Learn More about Pelvic Floor Disorders

There are several changes that women go through in their lifetimes such as pregnancy, weight fluctuations, and menstruation. Together with aging, these changes affect the woman body in several ways. One area for concern is the pelvic floor disorders. Normally, the reproductive organs, bladder, and bowel are held in position by the pelvic floor. Due to several reasons, the pelvic floor can become weak over time leading to other problems.

The pelvic floor consists of muscles and ligaments. Once the pelvic floor muscles are weakened, some problems begin to develop such as urinary incontinence, difficulty in bowel movement, bleeding, and pain. However, the issue of a weakened pelvic floor can be treated through intervention by a professional doctor. A specialist in pelvic medicine is known as urogynecologist. This field of female pelvic medicine is referred to as urogynecology.

Although they go through standard training to that of OBGYN, they normally specialize in treating the female pelvic muscles, connective tissues, and organs. Urogynecologists are, therefore, more qualified to handle weak pelvic floor muscles. A common problem is the inability to control the muscles of your pelvic floor also known as pelvic floor dysfunction.

The muscles of the pelvic floor will relax and contract to allow bowel movement, urination, as well as sexual intercourse in women. When you suffer from pelvic floor dysfunction, the muscles will contract instead of relaxing. This would lead to problems with bowel movement. Eventually, infection, colon damage, and discomfort would occur if the problem is not treated.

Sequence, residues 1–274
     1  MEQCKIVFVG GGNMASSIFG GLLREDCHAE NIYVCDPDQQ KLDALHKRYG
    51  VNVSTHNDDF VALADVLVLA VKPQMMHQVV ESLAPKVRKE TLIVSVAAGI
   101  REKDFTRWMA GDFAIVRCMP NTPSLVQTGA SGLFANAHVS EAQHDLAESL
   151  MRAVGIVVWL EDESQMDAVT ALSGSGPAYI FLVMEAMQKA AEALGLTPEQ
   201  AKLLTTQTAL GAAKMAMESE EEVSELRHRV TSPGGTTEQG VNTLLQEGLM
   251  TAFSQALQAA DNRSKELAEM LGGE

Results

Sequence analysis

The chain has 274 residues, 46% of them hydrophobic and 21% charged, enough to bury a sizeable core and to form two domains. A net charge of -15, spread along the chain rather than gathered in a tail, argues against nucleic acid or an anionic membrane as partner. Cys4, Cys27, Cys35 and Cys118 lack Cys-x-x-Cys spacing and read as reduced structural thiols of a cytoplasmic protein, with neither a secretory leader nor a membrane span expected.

Once the symptoms persist and prevent you from some activities, consider visiting a specialist like Dr. Lotze. When the bladder drops you may experience incontinence or more urge to visit the bathroom. Other symptoms include lose control because of a shift in your bowel. You may also have rectum or vagina bulges.

In an emergency situation, severe bleeding could also occur. These pelvic floor disorders are usually treatable. With the help of a professional urogynecologist, an appropriate treatment plan will be recommended depending on your situation. Based on your situation, a urogynecologist will recommend the appropriate treatment. For mild cases, nonsurgical treatments are given. One such nonsurgical treatment is the Kegel exercises that are intended to strengthen the pelvic floor. When done regularly and correctly, they can improve prolapse symptoms. There are also other nonsurgical treatments such as medication and injections that are given to boost bladder control. These medications are usually given to help in bladder control while preventing loose and frequent bowel movement. Devices can as well be used.

A surgical procedure would be recommended if other treatments are not effective. For prolapse, surgery would help in restoring pelvic floor support.

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